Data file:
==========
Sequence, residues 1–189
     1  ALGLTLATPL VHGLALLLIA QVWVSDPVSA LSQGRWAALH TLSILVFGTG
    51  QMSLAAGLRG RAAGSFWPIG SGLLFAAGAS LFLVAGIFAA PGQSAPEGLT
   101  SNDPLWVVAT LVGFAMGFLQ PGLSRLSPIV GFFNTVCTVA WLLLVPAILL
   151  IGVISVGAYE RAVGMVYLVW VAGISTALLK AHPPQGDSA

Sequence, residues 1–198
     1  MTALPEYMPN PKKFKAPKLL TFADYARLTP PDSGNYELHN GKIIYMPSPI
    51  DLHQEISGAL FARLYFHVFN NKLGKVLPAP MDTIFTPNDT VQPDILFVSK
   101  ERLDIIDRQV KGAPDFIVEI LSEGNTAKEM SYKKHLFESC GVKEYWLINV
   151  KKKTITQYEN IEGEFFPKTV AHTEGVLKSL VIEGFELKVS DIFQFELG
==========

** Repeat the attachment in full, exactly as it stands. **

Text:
Sequence, residues 1–189
     1  ALGLTLATPL VHGLALLLIA QVWVSDPVSA LSQGRWAALH TLSILVFGTG
    51  QMSLAAGLRG RAAGSFWPIG SGLLFAAGAS LFLVAGIFAA PGQSAPEGLT
   101  SNDPLWVVAT LVGFAMGFLQ PGLSRLSPIV GFFNTVCTVA WLLLVPAILL
   151  IGVISVGAYE RAVGMVYLVW VAGISTALLK AHPPQGDSA

Sequence, residues 1–198
     1  MTALPEYMPN PKKFKAPKLL TFADYARLTP PDSGNYELHN GKIIYMPSPI
    51  DLHQEISGAL FARLYFHVFN NKLGKVLPAP MDTIFTPNDT VQPDILFVSK
   101  ERLDIIDRQV KGAPDFIVEI LSEGNTAKEM SYKKHLFESC GVKEYWLINV
   151  KKKTITQYEN IEGEFFPKTV AHTEGVLKSL VIEGFELKVS DIFQFELG